Friday, February 11, 2011

SAUNDARANANDA 8.16: More Talking the Talk of Freedom

vihagaH khalu jaala-saMvrto
hita-kaamena janena mokShitaH
vicaran phala-puShpa-vad vanaM
pravivikShuH svayam eva paNjaraM

- - = - - = - = - =
- - = = - - = - = - =
- - = - - = - = - =
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Truly, a bird that was caught in a net

And set free by a benevolent person,

as it flits about the fruiting and blossoming forest,

To fly of its own free will into a cage.

Again the striver seems to wish to compare Nanda to a creature that was formerly in danger, and then became free, and then put itself back in danger.

But my question, again, is whether the striver is right or not to compare Nanda to a bird that a benevolent person set free?

What individual so far in Saundarananda has been set free by a benevolent person?

The answer might be: so far, nobody.

That being so, is the striver speaking from inside the cage of his own views, habits and faulty sensory appreciation, or from outside that cage?

Marjory Barlow used to say, with respect to her teaching of the Alexander Technique: "I don't want you to believe a single word I say. Find out for yourself whether or not I am talking through my hat!" This was in the tradition of Marjory's uncle, FM Alexander, who said that he did not want a lot of monkeys following him around, aping his every move. Rather, he wanted his discoveries to remain alive through being re-discovered by individuals who could think things out for themselves.

If you research the views of experts in Buddhist studies (I wouldn't recommend it) you can read a lot of bullshit about how Hinayana or Theravada Buddhism, and Mahayana Buddhism, emerged as separate strands. Scholars like to discuss that kind of stuff -- the difference between this and that school of thought. They like to display to each other what John Dewey described as "learned ignorance." They are not so keen on parking their arses on a round cushion and their knees on the floor, and re-directing their energy in an upward direction.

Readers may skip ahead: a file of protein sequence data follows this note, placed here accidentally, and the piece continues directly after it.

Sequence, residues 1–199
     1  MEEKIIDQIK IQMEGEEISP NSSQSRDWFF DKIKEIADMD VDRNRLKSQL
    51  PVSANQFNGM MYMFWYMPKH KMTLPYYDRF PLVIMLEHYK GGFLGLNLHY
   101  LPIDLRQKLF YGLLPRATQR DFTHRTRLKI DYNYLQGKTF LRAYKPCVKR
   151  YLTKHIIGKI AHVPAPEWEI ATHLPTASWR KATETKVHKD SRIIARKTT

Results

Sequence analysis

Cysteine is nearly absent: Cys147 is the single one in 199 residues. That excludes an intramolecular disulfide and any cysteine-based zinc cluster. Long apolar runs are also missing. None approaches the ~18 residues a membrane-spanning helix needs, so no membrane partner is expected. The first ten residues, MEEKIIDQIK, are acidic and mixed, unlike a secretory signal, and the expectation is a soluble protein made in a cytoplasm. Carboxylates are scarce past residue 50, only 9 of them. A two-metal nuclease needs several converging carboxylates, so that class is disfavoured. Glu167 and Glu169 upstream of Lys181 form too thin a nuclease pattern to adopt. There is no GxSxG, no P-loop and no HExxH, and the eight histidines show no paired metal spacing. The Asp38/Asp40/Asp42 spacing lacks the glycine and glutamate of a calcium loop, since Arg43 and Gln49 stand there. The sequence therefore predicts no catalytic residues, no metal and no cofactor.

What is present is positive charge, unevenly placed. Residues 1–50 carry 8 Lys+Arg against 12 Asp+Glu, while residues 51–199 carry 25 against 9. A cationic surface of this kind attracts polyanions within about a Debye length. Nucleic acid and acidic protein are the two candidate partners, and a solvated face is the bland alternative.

My point is that the striver is clearly a shraavaka, a direct student of the Buddha, one who heard the Buddha's voice in person. But what kind of shraavaka is he?

The shraavaka/striver seems to wish to compare Nanda to a bird that is flying of its own free will. If so, I don't accept the striver's comparison. It seems to me that Nanda is not yet acting of his own free will. If Nanda were acting of his own free will when the Buddha placed his bowl in Nanda's hands, Nanda might have politely set aside the bowl and gone back to Sundari. If he were acting of his own free will when he decided to give up the robe and go back to Sundari, he might have acted on that very decision. But instead of acting like that, because Nanda has never yet made a real decision in his life, and because he is not yet acting of his own free will, here he is talking to a striver who professes to know the cure for mental ills.

In the Lotus Sutra a distinction is drawn between four vehicles -- the vehicles of the shraavaka, praty-eka-buddha, bodhisattva, and buddha.... But enough already. I am going to stop here before I feel a Ph. D. thesis coming on.

Suffice to add that yesterday, for the first time in a long time, I checked in on the blog of long-time follower of my blogs and student of Shobogenzo Jordan Fountain. Now Jordan is a proper student of the Buddha's teachings -- a guy who shaves his head and sits and who is bringing up his daughters to be Zen masters -- but I would never insult him by calling him a Buddhist scholar, or a shraavaka. Jordan as I see him is a good example of a true work in progress, a true bodhisattva. He's just the bloke for whom I translated Shobogenzo and just the bloke for whom I am translating Ashvaghosha. JF is the bull's-eye of my target audience.